Tales of Vesperia: Definitive Edition: Like I have said about the game in the last few weeks, the game’s story keeps on getting interesting the more I play it. With everything getting out of control in the world and Estelle still captured by Alexei, the stakes have gotten higher. This is why I enjoy this game; the story never slows down from the beginning, making me want to keep playing.
I enjoyed the puzzle in the Heracles dungeon since it was a change of pace compared to the other dungeons in the game. However, the puzzle itself was confusing because I didn’t know what was breakable so it took me a lot longer to get through the dungeon than I should have.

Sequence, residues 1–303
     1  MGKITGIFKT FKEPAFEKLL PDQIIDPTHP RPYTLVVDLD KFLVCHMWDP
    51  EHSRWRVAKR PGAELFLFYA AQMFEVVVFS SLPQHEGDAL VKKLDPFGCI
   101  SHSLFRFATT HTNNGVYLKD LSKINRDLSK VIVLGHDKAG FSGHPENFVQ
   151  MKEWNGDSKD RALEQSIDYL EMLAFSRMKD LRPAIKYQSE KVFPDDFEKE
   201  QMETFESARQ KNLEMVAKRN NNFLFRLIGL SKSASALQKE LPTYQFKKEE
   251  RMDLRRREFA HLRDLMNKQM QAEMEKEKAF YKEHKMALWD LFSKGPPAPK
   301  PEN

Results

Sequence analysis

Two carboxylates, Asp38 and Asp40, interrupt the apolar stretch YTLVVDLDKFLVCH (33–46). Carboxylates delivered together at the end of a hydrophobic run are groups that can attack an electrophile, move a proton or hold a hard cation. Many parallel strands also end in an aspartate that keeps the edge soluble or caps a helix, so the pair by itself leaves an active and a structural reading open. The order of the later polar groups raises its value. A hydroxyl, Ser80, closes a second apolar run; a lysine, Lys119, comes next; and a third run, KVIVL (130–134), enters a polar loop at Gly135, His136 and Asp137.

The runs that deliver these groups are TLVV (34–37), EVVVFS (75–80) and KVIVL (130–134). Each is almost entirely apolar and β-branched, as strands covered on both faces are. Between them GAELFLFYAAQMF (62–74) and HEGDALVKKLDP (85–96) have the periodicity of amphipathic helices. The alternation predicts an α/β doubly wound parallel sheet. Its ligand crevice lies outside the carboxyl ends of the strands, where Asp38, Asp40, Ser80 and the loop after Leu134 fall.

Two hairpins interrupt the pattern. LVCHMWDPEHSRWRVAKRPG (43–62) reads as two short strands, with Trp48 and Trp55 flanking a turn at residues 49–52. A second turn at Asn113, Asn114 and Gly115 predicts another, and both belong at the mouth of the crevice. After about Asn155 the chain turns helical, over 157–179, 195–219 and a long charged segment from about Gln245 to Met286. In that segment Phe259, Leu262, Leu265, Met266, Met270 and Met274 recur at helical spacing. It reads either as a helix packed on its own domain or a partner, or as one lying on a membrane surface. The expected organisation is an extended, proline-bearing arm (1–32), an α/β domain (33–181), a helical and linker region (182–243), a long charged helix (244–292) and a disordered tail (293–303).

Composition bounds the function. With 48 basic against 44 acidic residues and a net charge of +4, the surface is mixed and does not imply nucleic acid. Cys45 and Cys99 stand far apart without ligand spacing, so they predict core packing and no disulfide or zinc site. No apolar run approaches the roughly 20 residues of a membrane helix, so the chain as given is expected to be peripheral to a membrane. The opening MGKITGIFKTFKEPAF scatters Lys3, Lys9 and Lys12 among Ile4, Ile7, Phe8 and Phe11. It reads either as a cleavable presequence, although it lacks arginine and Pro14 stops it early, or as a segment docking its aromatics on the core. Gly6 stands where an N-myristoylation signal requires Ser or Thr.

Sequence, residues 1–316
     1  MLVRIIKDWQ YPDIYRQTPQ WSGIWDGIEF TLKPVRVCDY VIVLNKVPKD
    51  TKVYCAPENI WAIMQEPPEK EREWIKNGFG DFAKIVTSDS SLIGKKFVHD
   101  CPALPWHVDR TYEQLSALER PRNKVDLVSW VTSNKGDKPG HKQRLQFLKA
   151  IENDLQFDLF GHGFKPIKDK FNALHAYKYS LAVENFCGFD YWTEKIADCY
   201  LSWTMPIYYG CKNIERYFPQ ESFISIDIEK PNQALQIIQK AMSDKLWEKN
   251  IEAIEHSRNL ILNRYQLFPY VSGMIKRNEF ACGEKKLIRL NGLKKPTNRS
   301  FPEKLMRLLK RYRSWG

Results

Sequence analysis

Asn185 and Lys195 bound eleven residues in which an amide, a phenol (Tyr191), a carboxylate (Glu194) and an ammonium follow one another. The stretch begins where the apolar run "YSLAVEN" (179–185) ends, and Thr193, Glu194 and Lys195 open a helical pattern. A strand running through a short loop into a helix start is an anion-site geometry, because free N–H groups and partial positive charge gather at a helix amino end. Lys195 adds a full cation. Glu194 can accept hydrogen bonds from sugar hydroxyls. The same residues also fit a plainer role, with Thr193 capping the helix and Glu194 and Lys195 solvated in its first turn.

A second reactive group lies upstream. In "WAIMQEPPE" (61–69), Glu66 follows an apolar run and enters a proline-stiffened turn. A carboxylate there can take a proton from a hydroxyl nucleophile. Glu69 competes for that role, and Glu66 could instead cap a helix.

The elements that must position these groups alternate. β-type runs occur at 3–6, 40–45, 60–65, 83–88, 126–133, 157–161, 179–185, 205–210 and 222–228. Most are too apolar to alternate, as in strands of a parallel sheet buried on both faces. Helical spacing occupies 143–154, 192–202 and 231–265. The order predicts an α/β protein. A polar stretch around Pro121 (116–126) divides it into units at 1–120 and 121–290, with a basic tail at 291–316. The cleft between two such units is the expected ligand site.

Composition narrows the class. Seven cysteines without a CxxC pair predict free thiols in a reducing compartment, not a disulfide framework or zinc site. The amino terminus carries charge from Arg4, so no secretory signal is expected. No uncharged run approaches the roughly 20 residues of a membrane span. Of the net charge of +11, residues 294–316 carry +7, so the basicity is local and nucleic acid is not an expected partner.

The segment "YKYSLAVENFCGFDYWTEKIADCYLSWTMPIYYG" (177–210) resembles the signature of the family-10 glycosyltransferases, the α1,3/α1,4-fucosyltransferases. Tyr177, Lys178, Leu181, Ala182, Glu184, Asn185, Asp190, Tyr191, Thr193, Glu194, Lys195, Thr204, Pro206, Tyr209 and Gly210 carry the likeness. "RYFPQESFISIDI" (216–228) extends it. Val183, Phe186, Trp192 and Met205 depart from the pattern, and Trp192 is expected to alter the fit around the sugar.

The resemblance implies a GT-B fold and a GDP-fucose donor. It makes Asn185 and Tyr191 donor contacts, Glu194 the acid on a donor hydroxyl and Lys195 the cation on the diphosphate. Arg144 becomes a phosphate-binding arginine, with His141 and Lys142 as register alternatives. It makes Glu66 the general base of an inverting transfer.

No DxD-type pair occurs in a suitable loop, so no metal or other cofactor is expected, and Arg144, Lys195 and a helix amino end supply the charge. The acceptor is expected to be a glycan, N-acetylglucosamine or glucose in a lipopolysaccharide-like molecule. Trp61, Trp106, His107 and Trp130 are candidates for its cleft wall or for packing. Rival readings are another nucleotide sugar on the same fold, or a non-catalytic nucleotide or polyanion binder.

Karol and Raven’s character development hit a high point during my playthrough this week. The party found out that Raven was Captain Schwann and worked for Alexei. Raven’s purpose was for him to properly die because he died 10 years before during the Great War but was saved by Alexei by implanting a blastia in him to keep him alive. My only problem with the scene where it seemed like Raven sacrificed himself to save the party was that Raven came back a few minutes later. That is too short of time to make his ‘sacrifice’ feel significant. I also enjoyed that Karol overcame his cowardice and decided to save the party when everyone else was compromised. Throughout the game, he always wanted to be brave but ended up running away from dangerous situations. It is a satisfying outcome of his character development.